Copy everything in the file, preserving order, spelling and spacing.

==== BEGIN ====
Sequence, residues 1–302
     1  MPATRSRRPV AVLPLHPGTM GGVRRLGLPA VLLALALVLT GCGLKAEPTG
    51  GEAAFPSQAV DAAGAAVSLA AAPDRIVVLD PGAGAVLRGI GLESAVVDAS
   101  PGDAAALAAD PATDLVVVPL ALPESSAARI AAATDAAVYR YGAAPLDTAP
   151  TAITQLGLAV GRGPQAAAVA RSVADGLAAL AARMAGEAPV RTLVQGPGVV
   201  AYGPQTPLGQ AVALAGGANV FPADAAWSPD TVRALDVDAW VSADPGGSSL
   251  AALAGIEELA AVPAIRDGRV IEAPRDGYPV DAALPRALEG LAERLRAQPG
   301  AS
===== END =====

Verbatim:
Sequence, residues 1–302
     1  MPATRSRRPV AVLPLHPGTM GGVRRLGLPA VLLALALVLT GCGLKAEPTG
    51  GEAAFPSQAV DAAGAAVSLA AAPDRIVVLD PGAGAVLRGI GLESAVVDAS
   101  PGDAAALAAD PATDLVVVPL ALPESSAARI AAATDAAVYR YGAAPLDTAP
   151  TAITQLGLAV GRGPQAAAVA RSVADGLAAL AARMAGEAPV RTLVQGPGVV
   201  AYGPQTPLGQ AVALAGGANV FPADAAWSPD TVRALDVDAW VSADPGGSSL
   251  AALAGIEELA AVPAIRDGRV IEAPRDGYPV DAALPRALEG LAERLRAQPG
   301  AS